As part of his proposed budget for California, Gov. Gavin Newsom has proposed distributing $750 million to cities and counties to accelerate their production of affordable housing. This figure would be broken into two portions: $250 million to update local zoning codes to more accurately reflect the needs of municipal and regional populations, and $500 million in incentives for jurisdictions that meet certain housing goals. The funding is part of a larger $1.75 billion economic package to meet the state’s housing crisis.

Russ Heimerich, deputy secretary of communications at the state’s business, consumer services and housing agency, told the Business Journal that the $250 million component could be used to adjust regional housing needs allocations (RHNA) to make them more equitable for the jurisdictions they encompass.

“So, when a regional council of governments divvies up who should build what, I think we’ll have more of a review and approval process going forward,” he said, referring to the process of creating RHNA allocations. These figures denote housing production goals by region. The $500 million component would be dedicated to jurisdictions that show progress in their planning and production efforts. “That would come with fewer strings and go towards general purpose funds,” Heimerich said.

Heimerich added that the $750 million would be granted in addition to a proposed $1 billion in tax credits and funding to help middle-income Californians. The deputy secretary noted that the full details of the proposal, which Newsom’s office announced in mid-March, have not been determined yet. The budget may be revised by the state legislature, which has until June 15 to pass it.

Rebecca Clark, president and CEO of LINC Housing Corporation, a nonprofit developer of affordable housing, said that she was “thrilled” by Newsom’s budget proposal. “We finally have state leaders recognizing that there’s an affordable housing crisis in California, understanding it’s very complicated, but taking concrete steps to do something,” she commented.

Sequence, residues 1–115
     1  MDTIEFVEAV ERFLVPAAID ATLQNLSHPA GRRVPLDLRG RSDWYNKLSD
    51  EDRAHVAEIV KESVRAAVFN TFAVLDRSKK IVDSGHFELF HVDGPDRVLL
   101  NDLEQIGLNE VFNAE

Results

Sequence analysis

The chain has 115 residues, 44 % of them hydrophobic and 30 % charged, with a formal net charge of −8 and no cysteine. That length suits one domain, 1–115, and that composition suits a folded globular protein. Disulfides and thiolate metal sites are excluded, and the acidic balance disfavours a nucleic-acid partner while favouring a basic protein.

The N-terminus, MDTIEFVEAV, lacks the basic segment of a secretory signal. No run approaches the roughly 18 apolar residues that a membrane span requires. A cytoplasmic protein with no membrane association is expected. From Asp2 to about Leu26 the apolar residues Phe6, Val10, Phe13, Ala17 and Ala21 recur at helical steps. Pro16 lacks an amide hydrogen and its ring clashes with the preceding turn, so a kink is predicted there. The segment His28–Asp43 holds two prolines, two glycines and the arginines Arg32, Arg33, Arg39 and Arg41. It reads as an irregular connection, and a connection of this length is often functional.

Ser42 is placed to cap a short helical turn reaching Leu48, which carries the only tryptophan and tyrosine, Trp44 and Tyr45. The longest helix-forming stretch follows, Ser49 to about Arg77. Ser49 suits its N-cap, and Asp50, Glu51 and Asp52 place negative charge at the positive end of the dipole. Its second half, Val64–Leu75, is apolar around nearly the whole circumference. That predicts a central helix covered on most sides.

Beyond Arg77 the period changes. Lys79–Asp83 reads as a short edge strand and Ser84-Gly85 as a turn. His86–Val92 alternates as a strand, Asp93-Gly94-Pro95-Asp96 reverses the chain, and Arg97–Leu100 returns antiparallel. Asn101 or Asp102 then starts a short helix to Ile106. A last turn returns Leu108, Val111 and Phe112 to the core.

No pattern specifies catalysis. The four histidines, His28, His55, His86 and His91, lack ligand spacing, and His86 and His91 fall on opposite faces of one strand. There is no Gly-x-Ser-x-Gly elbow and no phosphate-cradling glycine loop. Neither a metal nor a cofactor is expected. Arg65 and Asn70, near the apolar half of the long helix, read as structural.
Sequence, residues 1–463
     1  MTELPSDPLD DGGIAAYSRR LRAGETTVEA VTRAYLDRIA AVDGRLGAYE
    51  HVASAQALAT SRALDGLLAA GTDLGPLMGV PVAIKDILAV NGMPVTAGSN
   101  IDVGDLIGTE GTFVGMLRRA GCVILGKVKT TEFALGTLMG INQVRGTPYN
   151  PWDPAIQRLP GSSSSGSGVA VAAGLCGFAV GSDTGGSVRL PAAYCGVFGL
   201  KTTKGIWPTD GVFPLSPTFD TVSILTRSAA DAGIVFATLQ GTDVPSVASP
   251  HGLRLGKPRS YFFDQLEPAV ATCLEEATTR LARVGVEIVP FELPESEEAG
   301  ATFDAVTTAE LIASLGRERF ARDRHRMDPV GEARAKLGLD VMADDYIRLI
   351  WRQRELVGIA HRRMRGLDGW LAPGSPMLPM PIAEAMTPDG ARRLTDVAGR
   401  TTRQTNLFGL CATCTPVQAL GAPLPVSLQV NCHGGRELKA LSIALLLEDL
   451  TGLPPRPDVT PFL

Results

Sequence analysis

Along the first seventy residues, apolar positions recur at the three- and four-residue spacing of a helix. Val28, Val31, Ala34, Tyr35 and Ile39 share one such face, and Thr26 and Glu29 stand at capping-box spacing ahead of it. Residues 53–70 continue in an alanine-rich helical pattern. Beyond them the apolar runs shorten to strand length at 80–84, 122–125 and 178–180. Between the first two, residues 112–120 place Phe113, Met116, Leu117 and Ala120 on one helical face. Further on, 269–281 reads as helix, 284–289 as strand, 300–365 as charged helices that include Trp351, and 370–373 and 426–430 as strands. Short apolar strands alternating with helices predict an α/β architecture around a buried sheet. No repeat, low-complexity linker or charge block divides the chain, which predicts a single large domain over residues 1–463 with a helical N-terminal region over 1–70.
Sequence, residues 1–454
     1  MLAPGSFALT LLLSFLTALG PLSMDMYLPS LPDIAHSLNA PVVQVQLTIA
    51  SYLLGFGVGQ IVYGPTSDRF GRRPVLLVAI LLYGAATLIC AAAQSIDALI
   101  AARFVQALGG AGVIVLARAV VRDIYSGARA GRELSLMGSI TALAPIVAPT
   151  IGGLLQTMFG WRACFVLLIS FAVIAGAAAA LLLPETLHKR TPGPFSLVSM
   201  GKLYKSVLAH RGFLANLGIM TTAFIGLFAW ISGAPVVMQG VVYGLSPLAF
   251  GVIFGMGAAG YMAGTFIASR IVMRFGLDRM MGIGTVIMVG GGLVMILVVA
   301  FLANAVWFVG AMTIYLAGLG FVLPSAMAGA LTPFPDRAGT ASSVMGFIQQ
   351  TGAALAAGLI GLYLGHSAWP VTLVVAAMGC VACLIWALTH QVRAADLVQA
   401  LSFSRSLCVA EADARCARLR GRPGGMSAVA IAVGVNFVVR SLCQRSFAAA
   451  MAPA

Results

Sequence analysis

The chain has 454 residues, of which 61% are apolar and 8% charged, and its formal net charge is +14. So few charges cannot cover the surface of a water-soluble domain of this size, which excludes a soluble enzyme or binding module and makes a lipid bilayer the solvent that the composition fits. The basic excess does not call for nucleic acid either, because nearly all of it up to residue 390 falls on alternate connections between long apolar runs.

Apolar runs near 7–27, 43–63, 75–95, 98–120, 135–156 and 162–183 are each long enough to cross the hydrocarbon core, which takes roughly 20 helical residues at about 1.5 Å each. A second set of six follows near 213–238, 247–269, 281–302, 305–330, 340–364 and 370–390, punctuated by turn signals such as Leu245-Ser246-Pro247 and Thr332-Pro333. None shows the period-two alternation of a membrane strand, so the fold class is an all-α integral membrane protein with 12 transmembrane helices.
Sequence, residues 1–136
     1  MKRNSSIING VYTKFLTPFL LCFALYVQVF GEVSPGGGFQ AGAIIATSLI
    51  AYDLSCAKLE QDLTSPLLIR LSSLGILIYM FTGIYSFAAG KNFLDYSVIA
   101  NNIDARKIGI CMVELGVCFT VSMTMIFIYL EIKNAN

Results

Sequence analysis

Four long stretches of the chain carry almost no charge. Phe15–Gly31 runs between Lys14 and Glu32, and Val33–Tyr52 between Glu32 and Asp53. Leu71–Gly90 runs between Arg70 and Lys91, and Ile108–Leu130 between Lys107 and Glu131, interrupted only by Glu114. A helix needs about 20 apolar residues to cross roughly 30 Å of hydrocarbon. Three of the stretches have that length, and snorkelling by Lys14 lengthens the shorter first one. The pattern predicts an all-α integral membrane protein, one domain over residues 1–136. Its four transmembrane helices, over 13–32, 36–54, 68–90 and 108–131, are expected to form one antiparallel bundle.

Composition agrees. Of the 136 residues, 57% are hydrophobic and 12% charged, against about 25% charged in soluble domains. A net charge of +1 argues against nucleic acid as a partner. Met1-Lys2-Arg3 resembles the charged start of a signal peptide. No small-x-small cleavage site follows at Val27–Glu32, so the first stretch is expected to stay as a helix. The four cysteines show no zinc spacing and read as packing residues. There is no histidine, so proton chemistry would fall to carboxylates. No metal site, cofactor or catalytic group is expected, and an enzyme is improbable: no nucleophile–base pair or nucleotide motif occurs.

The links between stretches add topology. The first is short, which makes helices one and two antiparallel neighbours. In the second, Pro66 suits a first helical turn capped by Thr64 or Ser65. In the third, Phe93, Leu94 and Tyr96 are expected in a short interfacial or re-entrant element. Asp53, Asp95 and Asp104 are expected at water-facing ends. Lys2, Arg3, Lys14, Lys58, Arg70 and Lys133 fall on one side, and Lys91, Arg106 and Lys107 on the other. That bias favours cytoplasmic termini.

California’s housing crisis affects people at multiple income levels, Clark continued, from the homeless to what she called the “general affordable population,” which is made up of people that are working but not making enough to support their housing. “Much of the service population in Long Beach, for example, might qualify for general affordable housing,” she said.

LINC Housing has worked closely with the City of Long Beach to develop affordable housing projects. The most recent is The Spark, a 95-unit apartment community for the formerly homeless and families earning up to 60% of the city’s median income. Groundbreaking for the property was held on March 20 at 1900 Long Beach Blvd. (See Page 1 story). “Long Beach has been very progressive and great to work with,” Clark said. “They were the ones who really responded enthusiastically when we proposed The Spark project.”

Long Beach Mayor Robert Garcia, along with 12 mayors from the state’s largest cities, met with Newsom on March 20 to discuss his budget and offer their recommendations for changes. “We’re very supportive of the governor and his housing plans, and I think heartened by the conversations we had today,” Garcia told the Business Journal in an interview on the same day. “We are supportive of building more affordable housing. We need it.”

Garcia added that he and his fellow mayors are even more concerned with the issue of homelessness. “The mayors were there today to advocate for more funding to go directly into homelessness and programs that get people directly from homelessness into housing,” he said.

In his January budget, Newsom set aside $500 million for homeless programs, transitional housing and subsidies – a comparable figure to what Gov. Jerry Brown set aside in his last budget. Garcia said that the mayors have asked Newsom to increase that figure by up to a billion dollars.